Safe Home visits almost double in past year

Safe Home Ireland
Safe Home Ireland staff

Amid the backdrop of increased numbers returning ‘home’ from abroad, a 71- year-old Corkman has described his relocation from London back to Ireland as brilliant’ after being reunited with childhood friends, Colin Gannon reports.

Last week The Irish World reported that Irish emigration had been outstripped, for the first time in a decade, by Irish nationals returning home.

Migration to the UK, Central Statistics Office (CSO) figures have shown, also fell from 12,100 to 11,400 in 12 months – the lowest it has been in a decade – as fears and uncertainty about residency status post-Brexit mount and as a post-recovery economic ‘boomlet’ takes hold in Ireland.

Returning home

Bernard O’Sullivan, 71, returned to his native Cork City three years ago after almost fifty years living in the UK. A looming Brexit, however, was not a factor that played into his decision.

After spending a decade mulling over a move back home, O’Sullivan began his inquiries he after learning of the services of Safe Home Ireland – a charity that offers assistance and guidance to those Irish who are considering moving back to Ireland – from the London Irish Centre in Camden Town.

O’Sullivan spoke to Safe Home and, eventually, made his decision about moving home permanently.

Coming to this decision, he says, was not something he took lightly but said his age and the thoughts of reconnecting with old friends and family lured him back.

“You hear of all of the people who have gone and I said I’d have a crack – and I’ve no regrets, thank God,” he said, adding that the seamless process and experience was “brilliant”.

Safe Home provide four distinct services: access to social housing in Ireland for those aged over 57; crisis returns to Ireland for issues such as homelessness; information, advice and outreach; connections with friends, families and companions for those not seeking a return.

Safe Home, as with all housing applicants, placed O’Sullivan on a housing waiting list. He refused the first housing offer – citing an unsuitable peripheral Cork City location, referring to himself as a “city boy” – but was quickly amazed to be offered a place just miles from where he grew up.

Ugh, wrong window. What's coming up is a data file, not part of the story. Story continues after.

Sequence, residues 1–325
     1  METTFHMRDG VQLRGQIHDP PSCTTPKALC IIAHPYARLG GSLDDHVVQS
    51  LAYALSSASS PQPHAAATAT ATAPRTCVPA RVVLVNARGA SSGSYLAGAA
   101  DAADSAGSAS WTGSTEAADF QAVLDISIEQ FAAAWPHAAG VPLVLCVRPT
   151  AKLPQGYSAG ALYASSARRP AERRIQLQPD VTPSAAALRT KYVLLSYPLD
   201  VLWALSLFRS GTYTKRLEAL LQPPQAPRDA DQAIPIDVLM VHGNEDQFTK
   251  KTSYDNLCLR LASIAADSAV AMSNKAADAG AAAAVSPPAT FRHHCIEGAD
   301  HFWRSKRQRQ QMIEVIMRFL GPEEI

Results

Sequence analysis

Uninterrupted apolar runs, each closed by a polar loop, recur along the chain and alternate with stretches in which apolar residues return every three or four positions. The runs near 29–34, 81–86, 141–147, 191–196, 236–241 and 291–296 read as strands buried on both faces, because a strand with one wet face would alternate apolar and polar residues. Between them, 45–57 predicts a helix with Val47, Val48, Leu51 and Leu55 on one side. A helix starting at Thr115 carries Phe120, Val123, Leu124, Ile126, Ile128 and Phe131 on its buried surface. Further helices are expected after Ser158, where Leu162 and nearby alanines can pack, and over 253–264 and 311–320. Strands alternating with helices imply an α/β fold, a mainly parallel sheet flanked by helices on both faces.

“Lucky enough, this place came up and I couldn’t have been happier. Where I am now there’s four or five lads that hung around together as school kids with me,” he said. “You wouldn’t believe how good it is having friends around.”

Increase in requests

Safe Home – along with the Crosscare Migrant Project, whose services centre around information provision and advocacy – say there has been an increase in contact queries, requests and assistance in recent years.

Safe Home saw their outreach visits increase by 70 per cent in 2017 compared to the year previous.

Crosscare do not provide a relocation service while Safe Home have returned over 2,000 people back to Ireland from the UK, US and Australia among many other countries.

Housing applications, which sees the charity work in tandem with local councils’ social housing departments, rose 16 per cent during the same period. Based on current projections and contact levels, Safe Home predict a further increase in “contacts, applications and connecting” for 2018.

Karen McHugh, Safe Home Ireland’s CEO, told the Irish World that uncertainties and concerns relating to Brexit has impacted conversations they have with prospective applicants. Of the housing applicants for 2017, 91 per cent were UK-based.


Quantifying the Brexit vote’s effect on Irish people in Britain, McHugh says, is difficult, but admitted that “interest, awareness, concerns and confusion about Brexit” now arise in “every conversation”.

“[Many] feel very uncomfortable with Brexit and what it means and how it developed in the first place; the anti-immigrant spin by the media, I suppose,” she said.

“It was all about migrants – and the Irish are migrants, despite sometimes thinking we’re not in that box.”

A representative for Crosscare said that, through their emigrant service partners in the UK, they, too, have become aware of “understandable concern” in relation to Brexit but that, “in practice, this has yet to materialise in a noticeable upswing in Irish emigrants contacting our service citing Brexit” for a return.

As with Safe Home, rejoining friends and family remains the primary motive for return. According to figures obtained from the Department for Work and Pensions, an estimated 1,000 more people emigrated from the UK to Ireland in 2016 than the year previous, totalling about 6,200.

Guidance The Department of Foreign Affairs and Trade (DFA), who work closely with and fund such organisations, also provide “guidance and advice to a number of people seeking assistance when returning to Ireland, including in emergency or crisis circumstances”. After three years, O’Sullivan feels right back to home.

He, unlike some, had no problems adjusting to life in Ireland. Safe Home have a holistic approach to relocations, helping applicants in every step of their move, but some struggle.

O’Sullivan does not regret his time in England, working as a driver, labourer and in demolition. In latter years he worked for Haringey Council.

“I finished up living in Crouch End which was absolutely brilliant. I couldn’t have asked to have lived in a better place. I was there for 12 or 13 years. Beautiful flat, beautiful everything,” he said, noting that the time was simply right to return.

O’Sullivan admits that he probably would have struggled and “gotten upset’ making arrangements for tax, welfare, TV licence, and is forever grateful to Safe Home for their work.

“You wouldn’t believe how grateful I am. I can’t thank them enough, actually. They are absolutely outstanding.”

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